In addition to Rhodes, 63-year-old Edward Vallejo of Arizona was arrested in Phoenix on Thursday and also charged with seditious conspiracy. Vallejo was allegedly part of the "Quick Reaction Force" that was lying in wait at the Virginia hotel.
After the riot, Rhodes and Vallejo allegedly met up at a restaurant where they "celebrated their attack" and discussed "next steps," according to the indictment. Vallejo allegedly sent a message to a Signal chat group the morning after Jan. 6 where he discussed making a "recon" trip to the Capitol to probe the "defense line" put up by law enforcement in the wake of the attack, court papers said.
Vallejo also made his first appearance before a magistrate judge in Phoenix on Friday afternoon, where a public defender representing him said he plans to plead not guilty to all charges against him. The judge set a detention hearing for next Thursday as the Justice Department seeks to keep Vallejo behind bars pending further legal proceedings in his case.
The deployment of the rarely-used seditious conspiracy charge will pose a major test for the Justice Department in its investigation into the Capitol attack and the prosecution of Rhodes as the founder and self-described leader of the Oath Keepers.
Only days after the Jan. 6 attack, the then-acting U.S. attorney for Washington, D.C., Michael Sherwin, said prosecutors were considering the potential for seditious conspiracy charges against some of the most "heinous acts" that took place at the Capitol. But as the investigation crossed the one-year mark and the number of arrests stretched beyond 700, such charges had yet to materialize, with prosecutors instead opting to bring charges like conspiracy or obstruction of an official proceeding, which similarly carries a maximum sentence of 20 years in prison.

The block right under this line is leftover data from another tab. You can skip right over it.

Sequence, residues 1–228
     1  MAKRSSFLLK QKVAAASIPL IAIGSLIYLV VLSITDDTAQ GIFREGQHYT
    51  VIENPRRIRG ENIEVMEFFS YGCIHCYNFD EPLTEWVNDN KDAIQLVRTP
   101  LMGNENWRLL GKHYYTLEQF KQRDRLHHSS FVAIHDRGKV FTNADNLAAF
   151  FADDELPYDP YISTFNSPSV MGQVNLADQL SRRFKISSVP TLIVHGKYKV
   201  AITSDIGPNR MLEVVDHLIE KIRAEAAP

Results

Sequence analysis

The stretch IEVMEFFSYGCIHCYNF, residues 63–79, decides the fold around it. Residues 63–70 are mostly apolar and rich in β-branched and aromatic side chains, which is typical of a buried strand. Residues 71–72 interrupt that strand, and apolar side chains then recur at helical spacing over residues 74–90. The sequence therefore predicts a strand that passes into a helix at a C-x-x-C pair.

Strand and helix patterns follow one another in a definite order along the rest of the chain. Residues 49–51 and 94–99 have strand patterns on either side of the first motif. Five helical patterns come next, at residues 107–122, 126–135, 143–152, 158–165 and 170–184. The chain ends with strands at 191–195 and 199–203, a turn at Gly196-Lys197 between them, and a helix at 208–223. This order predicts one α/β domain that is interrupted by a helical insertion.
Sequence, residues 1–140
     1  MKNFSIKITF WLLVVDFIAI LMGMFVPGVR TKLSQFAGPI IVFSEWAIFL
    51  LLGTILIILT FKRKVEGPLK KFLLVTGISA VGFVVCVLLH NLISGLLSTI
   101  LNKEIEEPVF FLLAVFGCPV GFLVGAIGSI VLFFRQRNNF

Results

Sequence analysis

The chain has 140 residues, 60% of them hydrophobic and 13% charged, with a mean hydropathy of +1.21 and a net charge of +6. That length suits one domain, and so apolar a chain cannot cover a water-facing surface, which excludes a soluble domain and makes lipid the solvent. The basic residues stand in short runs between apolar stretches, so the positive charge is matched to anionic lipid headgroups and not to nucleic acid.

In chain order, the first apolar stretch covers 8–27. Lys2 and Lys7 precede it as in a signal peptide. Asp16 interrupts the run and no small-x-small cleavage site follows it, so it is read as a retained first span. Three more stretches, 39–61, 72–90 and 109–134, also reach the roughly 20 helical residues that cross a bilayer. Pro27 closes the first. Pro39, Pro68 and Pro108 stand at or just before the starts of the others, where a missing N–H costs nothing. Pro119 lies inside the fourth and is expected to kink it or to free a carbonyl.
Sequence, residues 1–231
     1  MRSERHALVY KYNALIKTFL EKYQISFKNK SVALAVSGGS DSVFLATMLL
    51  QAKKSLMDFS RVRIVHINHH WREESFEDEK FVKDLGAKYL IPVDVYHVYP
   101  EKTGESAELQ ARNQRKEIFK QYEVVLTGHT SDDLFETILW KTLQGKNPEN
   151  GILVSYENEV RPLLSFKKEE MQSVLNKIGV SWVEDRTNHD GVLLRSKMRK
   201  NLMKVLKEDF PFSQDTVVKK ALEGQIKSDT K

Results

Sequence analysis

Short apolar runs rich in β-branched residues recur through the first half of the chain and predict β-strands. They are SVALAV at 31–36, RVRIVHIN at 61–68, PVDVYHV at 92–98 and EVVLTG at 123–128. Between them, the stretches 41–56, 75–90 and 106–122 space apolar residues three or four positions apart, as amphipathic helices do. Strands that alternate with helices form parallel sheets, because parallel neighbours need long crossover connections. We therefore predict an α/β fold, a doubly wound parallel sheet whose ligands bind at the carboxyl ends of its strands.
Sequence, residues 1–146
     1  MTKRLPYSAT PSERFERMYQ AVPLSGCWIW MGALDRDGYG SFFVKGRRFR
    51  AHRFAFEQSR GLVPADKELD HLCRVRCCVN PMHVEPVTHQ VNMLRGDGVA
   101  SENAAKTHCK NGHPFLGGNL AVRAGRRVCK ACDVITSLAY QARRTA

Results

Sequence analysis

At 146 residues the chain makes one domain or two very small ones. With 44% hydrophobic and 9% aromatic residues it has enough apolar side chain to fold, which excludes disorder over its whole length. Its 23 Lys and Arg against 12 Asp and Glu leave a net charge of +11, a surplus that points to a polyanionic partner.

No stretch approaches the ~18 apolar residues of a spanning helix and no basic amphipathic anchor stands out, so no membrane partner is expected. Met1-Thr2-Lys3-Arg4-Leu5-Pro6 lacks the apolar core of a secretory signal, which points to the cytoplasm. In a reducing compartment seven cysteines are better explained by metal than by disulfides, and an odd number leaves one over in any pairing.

Attorney General Merrick Garland appeared to foreshadow Thursday's charges last week in a speech marking the one-year anniversary of Jan. 6, when he addressed criticism of the department's handling of the investigation and the lack of charges to date against the more prominent figures believed to have coordinated the assault on Congress.
"The actions we have taken thus far will not be our last," Garland said. "The Justice Department remains committed to holding all Jan. 6 perpetrators, at any level, accountable under law -- whether they were present that day or were otherwise criminally responsible for the assault on our democracy."
John Sandweg, a former acting general counsel at the Department of Homeland Security, told ABC News that Thursday's indictment "confirms that the attack on the Capitol was not just an impulsive act, but was part of a premeditated conspiracy to forcibly steal the levers of power."
"It also demonstrates that, while much of the focus has been on the prosecution of those on lesser charges related to storming the Capitol, DOJ has been actively investigating the root causes of the attack," he said. "The question remains how far up the food chain will the rest of the investigation lead, but this indictment significantly ups the ante."
ABC News' Juan Renteria, James Scholz and Mireya Villarreal contributed to this report.